Prothrombin thrombophilia is an inherited disorder of blood clotting. Thrombophilia is an increased tendency to form abnormal blood clots in blood vessels.
People who have prothrombin thrombophilia are at somewhat higher than average risk for a type of clot called a deep venous thrombosis, which typically occurs in the deep veins of the legs. Affected people also have an increased risk of developing a pulmonary embolism, which is a clot that travels through the bloodstream and lodges in the lungs. Most people with prothrombin thrombophilia never develop abnormal blood clots, however. Some research suggests that prothrombin thrombophilia is associated with a somewhat increased risk of pregnancy loss (miscarriage) and may also increase the risk of other complications during pregnancy. These complications may include pregnancy-induced high blood pressure (preeclampsia), slow fetal growth, and early separation of the placenta from the uterine wall (placental abruption). It is important to note, however, that most women with prothrombin thrombophilia have normal pregnancies.
Prothrombin thrombophilia is the second most common inherited form of thrombophilia after factor V Leiden thrombophilia. Approximately 1 in 50 people in the white population in the United States and Europe has prothrombin thrombophilia. This condition is less common in other ethnic groups, occurring in less than one percent of African American, Native American, or Asian populations.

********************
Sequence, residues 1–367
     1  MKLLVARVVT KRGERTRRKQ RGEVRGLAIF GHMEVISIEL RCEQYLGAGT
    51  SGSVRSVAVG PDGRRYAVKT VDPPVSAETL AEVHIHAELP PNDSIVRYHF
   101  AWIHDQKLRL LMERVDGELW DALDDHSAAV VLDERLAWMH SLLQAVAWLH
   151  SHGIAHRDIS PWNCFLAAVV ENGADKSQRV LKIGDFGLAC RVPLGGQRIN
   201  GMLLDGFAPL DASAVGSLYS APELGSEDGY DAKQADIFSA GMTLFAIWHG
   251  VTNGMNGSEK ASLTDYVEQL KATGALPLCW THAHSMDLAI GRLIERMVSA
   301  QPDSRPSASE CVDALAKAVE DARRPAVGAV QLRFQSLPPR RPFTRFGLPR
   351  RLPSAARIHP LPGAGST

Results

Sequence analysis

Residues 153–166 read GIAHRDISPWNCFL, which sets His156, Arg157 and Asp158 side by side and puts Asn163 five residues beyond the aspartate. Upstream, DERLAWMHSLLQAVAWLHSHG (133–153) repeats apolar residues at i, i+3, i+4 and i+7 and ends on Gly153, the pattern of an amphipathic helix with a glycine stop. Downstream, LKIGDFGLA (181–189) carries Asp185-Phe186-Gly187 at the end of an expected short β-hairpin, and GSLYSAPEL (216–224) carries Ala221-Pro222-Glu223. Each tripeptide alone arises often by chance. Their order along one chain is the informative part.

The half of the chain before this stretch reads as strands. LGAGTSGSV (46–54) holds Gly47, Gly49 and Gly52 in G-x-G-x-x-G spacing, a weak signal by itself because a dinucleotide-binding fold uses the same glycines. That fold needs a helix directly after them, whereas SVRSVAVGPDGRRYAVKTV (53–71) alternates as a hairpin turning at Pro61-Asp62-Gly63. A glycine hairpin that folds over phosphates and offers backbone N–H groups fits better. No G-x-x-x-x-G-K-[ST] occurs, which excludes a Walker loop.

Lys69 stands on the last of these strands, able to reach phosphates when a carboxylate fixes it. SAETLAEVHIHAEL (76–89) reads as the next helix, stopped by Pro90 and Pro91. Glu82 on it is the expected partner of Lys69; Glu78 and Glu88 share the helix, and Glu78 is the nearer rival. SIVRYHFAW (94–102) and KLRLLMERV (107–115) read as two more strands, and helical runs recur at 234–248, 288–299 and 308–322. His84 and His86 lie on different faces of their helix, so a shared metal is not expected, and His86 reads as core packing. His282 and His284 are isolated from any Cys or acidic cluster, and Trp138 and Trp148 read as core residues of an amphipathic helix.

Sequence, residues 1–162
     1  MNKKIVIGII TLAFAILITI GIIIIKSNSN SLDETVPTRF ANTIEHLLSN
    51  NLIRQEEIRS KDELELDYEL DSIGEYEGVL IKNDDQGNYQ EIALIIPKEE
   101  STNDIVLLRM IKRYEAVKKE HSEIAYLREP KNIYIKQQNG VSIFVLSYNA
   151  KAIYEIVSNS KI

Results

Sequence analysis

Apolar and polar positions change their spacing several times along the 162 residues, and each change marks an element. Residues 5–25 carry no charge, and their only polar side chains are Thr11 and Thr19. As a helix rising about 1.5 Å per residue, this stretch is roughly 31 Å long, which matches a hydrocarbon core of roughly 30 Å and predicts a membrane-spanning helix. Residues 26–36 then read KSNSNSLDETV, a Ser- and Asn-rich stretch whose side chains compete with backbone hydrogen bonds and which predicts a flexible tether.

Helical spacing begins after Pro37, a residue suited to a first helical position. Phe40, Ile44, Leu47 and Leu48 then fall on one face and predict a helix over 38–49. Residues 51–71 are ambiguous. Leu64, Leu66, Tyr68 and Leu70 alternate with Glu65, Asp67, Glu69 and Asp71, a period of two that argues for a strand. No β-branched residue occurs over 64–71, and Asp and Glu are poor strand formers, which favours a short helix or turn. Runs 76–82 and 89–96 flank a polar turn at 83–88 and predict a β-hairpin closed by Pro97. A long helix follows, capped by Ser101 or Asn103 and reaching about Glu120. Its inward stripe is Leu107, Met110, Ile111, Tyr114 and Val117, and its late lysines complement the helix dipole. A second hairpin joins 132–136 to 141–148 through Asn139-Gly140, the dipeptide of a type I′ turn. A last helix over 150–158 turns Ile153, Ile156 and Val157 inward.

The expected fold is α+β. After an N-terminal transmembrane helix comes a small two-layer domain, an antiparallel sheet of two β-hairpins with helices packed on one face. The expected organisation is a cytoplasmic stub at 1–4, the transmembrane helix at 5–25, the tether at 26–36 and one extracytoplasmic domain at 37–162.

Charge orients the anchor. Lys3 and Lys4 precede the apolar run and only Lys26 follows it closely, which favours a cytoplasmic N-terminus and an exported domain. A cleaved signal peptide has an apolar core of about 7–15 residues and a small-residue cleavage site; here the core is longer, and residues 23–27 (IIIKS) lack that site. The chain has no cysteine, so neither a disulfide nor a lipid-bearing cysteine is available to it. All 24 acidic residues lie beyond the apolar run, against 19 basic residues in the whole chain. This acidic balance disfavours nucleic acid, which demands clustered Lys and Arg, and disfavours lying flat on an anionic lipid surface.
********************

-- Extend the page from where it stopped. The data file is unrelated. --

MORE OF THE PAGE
Prothrombin thrombophilia is caused by a particular mutation in the F2 gene. The F2 gene plays a critical role in the formation of blood clots in response to injury. The protein produced from the F2 gene, prothrombin (also called coagulation factor II), is the precursor to a protein called thrombin that initiates a series of chemical reactions in order to form a blood clot. The particular mutation that causes prothrombin thrombophilia results in an overactive F2 gene that causes too much prothrombin to be produced. An abundance of prothrombin leads to more thrombin, which promotes the formation of blood clots.
Other factors also increase the risk of blood clots in people with prothrombin thrombophilia. These factors include increasing age, obesity, trauma, surgery, smoking, the use of oral contraceptives (birth control pills) or hormone replacement therapy, and pregnancy. The combination of prothrombin thrombophilia and mutations in other genes involved in blood clotting can also influence risk.
The risk of developing an abnormal clot in a blood vessel depends on whether a person inherits one or two copies of the F2 gene mutation that causes prothrombin thrombophilia. In the general population, the risk of developing an abnormal blood clot is about 1 in 1,000 people per year. Inheriting one copy of the F2 gene mutation increases that risk to 2 to 3 in 1,000. People who inherit two copies of the mutation, one from each parent, may have a risk as high as 20 in 1,000.
Prothrombin G20210A Thrombophilia